After the unfortunate accident from the ride from 38th where 2 riders wrecked and were injured, I thought I would share some insight on paceline riding. Everyone in a paceline has a responsibility to every other rider in the group. The group is a cohesive whole and what effect or actions created by one rider effects everyone in the group. There are 3 areas of awareness each rider needs to concentrate on with varying degrees of depth.
- To the front. This is self evident. Concentration must be made of the rider in front and what they are doing. Due to the draft effect we all want to stay close, yet not lap the wheel in front of us. I sudden movement by the person in front when the front wheel touches the back wheel spells certain disaster. Beyond just what is immediately in front (Zone 1) is a need to be aware further up the road in what I think of as (Zone 2). Look 3 or 4 riders ahead and be aware of their position, speed and condition. (Zone 3) would be beyond the front of the paceline, looking for cars, stop sign, debris, turns or lights.
- To the sides. Look for what or who is beside you. Is it a rider you trust to be close. If not move up or back. Be aware of the shoulder of the road. Is there one, how much, how much drop off? Are there cars at intersections? Never assume a car will stop for you just because you have the right of way. I always try to ascertain that the driver sees me before I continue. I will whistle or call out to drivers to make them aware of my being there. And be careful of car door openings. Give yourself enough clearance on these.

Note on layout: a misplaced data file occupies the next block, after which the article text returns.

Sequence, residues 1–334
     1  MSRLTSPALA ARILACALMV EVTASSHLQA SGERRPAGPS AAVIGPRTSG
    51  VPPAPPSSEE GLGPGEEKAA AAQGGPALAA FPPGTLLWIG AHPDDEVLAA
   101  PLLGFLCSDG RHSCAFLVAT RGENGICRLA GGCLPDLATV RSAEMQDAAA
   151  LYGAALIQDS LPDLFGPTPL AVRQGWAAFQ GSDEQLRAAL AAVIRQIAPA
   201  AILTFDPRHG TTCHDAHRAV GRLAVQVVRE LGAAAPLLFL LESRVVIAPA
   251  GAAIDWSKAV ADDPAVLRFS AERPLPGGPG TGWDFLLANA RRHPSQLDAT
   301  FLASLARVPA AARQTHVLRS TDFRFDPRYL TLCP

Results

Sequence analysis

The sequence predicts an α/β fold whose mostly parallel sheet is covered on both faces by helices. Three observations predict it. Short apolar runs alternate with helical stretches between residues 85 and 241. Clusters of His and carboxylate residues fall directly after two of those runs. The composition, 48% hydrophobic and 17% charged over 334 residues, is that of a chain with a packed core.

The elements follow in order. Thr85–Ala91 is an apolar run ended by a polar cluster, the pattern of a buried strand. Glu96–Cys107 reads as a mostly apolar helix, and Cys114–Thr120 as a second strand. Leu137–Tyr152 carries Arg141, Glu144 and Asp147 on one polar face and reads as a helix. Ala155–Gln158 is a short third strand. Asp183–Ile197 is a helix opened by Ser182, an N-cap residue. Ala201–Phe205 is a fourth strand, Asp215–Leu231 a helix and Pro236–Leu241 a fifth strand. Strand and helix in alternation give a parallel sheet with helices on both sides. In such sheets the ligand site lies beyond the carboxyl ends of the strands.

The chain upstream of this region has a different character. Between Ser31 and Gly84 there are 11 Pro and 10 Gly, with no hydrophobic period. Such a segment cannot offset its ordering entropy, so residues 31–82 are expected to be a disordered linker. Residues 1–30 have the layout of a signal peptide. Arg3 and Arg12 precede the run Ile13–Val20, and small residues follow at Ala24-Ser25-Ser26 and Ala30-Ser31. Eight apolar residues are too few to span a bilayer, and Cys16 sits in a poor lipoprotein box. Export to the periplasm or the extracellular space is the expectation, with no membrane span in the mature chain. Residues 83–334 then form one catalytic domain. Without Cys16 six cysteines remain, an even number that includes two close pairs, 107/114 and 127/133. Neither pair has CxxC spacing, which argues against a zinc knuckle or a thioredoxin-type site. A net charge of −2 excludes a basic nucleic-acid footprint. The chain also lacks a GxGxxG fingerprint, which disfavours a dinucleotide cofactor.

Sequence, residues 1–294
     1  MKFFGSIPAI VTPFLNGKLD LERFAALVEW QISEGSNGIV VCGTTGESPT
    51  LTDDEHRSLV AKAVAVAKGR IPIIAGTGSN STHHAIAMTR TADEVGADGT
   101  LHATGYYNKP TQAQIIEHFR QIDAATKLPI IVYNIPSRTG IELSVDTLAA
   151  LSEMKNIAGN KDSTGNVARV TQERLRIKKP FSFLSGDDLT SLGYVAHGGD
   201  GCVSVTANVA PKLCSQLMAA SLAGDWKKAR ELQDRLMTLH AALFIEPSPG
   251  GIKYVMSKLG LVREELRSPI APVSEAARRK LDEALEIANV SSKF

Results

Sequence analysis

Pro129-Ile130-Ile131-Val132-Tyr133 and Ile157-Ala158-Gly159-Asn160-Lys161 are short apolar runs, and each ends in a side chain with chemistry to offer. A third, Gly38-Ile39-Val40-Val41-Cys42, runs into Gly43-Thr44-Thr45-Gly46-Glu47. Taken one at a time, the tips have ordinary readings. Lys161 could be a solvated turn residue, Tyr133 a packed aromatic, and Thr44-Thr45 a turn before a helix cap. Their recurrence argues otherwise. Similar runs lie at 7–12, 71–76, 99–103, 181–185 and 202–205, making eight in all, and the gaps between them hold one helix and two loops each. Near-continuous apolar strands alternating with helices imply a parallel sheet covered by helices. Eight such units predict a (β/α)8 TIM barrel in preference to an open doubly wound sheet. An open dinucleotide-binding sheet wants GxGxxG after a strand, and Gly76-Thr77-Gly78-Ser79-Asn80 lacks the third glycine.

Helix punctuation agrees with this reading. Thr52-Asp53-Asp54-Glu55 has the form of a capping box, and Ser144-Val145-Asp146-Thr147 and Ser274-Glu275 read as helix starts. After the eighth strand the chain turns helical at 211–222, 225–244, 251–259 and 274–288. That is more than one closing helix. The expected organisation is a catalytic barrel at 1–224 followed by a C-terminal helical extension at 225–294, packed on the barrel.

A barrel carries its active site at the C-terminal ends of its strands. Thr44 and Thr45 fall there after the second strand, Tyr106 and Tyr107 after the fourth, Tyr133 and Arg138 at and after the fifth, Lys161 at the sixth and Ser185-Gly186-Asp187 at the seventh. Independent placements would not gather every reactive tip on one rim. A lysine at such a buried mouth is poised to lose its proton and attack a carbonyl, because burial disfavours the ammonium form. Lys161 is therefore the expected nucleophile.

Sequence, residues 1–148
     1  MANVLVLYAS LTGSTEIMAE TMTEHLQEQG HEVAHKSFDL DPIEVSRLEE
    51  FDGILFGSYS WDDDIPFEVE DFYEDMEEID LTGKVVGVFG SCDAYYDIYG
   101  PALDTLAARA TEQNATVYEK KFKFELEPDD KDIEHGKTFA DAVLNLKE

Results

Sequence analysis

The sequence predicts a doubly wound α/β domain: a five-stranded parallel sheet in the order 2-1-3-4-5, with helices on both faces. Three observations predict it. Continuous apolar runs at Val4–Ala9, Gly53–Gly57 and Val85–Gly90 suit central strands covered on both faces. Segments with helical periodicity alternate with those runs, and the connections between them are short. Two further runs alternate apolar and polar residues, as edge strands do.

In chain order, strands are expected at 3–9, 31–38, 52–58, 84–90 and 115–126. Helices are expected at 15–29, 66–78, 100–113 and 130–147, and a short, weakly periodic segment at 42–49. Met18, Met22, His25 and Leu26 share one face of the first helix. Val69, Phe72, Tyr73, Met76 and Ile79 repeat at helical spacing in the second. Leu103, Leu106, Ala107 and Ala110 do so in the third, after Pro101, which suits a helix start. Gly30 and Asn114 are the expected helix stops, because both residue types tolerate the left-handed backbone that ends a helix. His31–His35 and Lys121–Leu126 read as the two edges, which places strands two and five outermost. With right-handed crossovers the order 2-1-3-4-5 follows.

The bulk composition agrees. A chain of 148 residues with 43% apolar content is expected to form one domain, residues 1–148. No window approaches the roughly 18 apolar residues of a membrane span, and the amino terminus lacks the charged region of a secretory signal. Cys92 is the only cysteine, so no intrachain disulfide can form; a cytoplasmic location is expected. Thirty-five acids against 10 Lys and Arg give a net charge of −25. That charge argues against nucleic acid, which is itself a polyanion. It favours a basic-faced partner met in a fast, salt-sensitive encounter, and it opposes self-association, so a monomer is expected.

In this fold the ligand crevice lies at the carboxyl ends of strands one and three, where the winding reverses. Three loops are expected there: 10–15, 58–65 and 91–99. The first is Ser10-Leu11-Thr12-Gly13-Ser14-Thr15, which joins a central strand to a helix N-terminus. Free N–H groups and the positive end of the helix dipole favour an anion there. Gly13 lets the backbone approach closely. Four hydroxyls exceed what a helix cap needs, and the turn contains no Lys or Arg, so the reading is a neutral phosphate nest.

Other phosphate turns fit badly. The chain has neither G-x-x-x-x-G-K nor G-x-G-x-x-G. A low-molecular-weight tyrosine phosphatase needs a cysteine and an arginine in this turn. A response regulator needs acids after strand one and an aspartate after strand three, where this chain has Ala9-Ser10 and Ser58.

- To the back. This is one area most new riders do not consider. Any sudden movement you make or stop can affect any and all riders behind you. Make no sudden movements, right or left. This may mean at times running over a bump or obstacle in the road. One Saturday a mother duck and a couple of chicks were crossing the road. There was no time to stop and if anyone in the paceline had tried to it would have brought down people behind. Fortunately no ducks were injured. Make no sudden stops; this includes if you drop a chain or have a flat. Call out your issue and try to slow gently. When coming up on a changing light, anticipate the light and slow gently, don’t brake hard.
- Hold your line on the road and in turns. When turning remember the person beside you and don’t cut the apex of the turn and cutoff the other rider. If you are wide in the turn stay wide.
- Don’t ride pacelines too fast for conditions (subdivisions, Ocean Blvd., etc.) Use common sense.
- Don’t accelerate when it’s your turn to pull.The idea is to keep the whole group moving at a quicker pace and not to impress everyone with how strong you are. No one will be impressed but will just think you a jerk. Don’t throw the parachute and slow rapidly when you pull off the from. Be smooth and steady.
- Use hand or voice signals. Point out debris or holes. But be judicious in this. If you point out everything (like a leaf) then the “cry wolf” syndrome comes into play. If a manhole cover can be ridden over without incident (when not raining), please don’t point them all out (Market Common.)
- Don’t run up on riders at stops. This happens too often in our groups where riders don’t slow down as fast others and ride up beside them. I have had many a close call with some who don’t want to put their foot down and keeps rolling.
Remember we all have a responsibility to create a safe riding environment for all of those around us. Please feel free to add you comments.